I’m sitting at the vet office waiting for Landon to get an x-ray of his shoulder/leg. I’m not too sure what he did to it but he’s been limping and it’s not normal for him.
Last time he had an x-ray, he needed to be tranquilized and he fought it. Hard. The vet actually said that she gave him enough to tranquilize a horse! They had to let me in with him while he was x-rayed and that is not a normal protocol.
Thanks to Covid, I’m not allowed to do that. I am allowed in the exam room and for that I am grateful.
If you have never had a fear reactive dog, you probably won’t understand why this is nerve-wrecking. Landon is NOT aggressive. He reacts because he is terrified. His reactions look aggressive because when you have a reactive dog, they learn that when they behave aggressively, the thing they are scared of usually goes away. Landon doesn’t want to be scared, he wants to be safe. And if he feels that he isn’t (even when he is) he reacts.
Reactivity isn’t something you can simply ‘train’ out of a dog. That would be like telling a depressed person to smile because it’ll make them happy. It’s not quite how things work. His behaviour can be managed and I have worked really hard with him to help him with his fears. He’s also on medication for fear and anxiety. Most days are good. But there are days, like today, when he is super stressed and it breaks my heart. It breaks my heart because I can’t tell him that he’s okay and safe and that no one is going to hurt him.
Thankfully, the staff at the clinic he is at right now are very understanding. So now, I just wait.
The one thing I can leave you with for now is that YOU are your pet’s voice. You have to speak up for them. You have to make sure that they feel safe. You are their advocate. I’ll make another post on why this is so important. But know, I will ALWAYS advocate for my pets. Because if I don’t who else will?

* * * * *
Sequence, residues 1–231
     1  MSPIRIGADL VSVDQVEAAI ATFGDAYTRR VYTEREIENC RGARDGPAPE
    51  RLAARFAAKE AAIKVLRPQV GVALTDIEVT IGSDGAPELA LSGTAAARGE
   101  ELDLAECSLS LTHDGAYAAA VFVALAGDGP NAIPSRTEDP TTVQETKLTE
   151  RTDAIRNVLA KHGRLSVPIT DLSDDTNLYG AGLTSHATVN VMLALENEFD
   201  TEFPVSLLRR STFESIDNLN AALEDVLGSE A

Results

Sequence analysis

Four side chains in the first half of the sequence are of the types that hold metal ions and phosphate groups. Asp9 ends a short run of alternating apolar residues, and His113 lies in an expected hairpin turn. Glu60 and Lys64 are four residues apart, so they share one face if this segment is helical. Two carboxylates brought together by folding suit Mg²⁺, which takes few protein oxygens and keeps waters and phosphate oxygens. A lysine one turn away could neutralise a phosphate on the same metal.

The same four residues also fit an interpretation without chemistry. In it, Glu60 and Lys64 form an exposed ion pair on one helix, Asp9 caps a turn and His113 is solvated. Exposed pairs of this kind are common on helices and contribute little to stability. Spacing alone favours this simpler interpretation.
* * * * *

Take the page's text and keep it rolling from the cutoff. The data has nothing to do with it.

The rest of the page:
Well said Teresa! I hope Landon’s results are good and he can move past the events of this morning and love the rest of the day! We suffer with reactive dog issues with Zian, he went from being super happy at the vets as a baby to terrified and reactionary. You are correct that you cannot train this out, we can only soothe their emotions, make them feel as secure as the conditions allow and be their advocates. Many people do not think about how COVID-19 protocols have effected their furchildren; I can see the panic in their eyes when we show up at the vets office and just hand them off to technician to see the doctor. We do everything in our power to ensure that they are always booked to see the technician (if possible) and their regular doctor, but emergencies happen and you can see the added stress a stranger has on them.
LikeLiked by 1 person
Thank you! And thanks for the well wishes! ❤️❤️❤️
SO well said Theresa! Our son has a fear reactive rescue dog from Mexico and it’s been tough to get a handle on. I’m hoping his Daddy decides to get some meds for him :(.
LikeLiked by 1 person
It’s a hard choice to make! I was against meds at first but once I saw how they helped Landon, I changed my mind. And working with reactive dogs that have been on or are on meds and seeing the difference it can make makes me advocate for them more. If your son has any questions or concerns, I’d be happy to try and help if I can!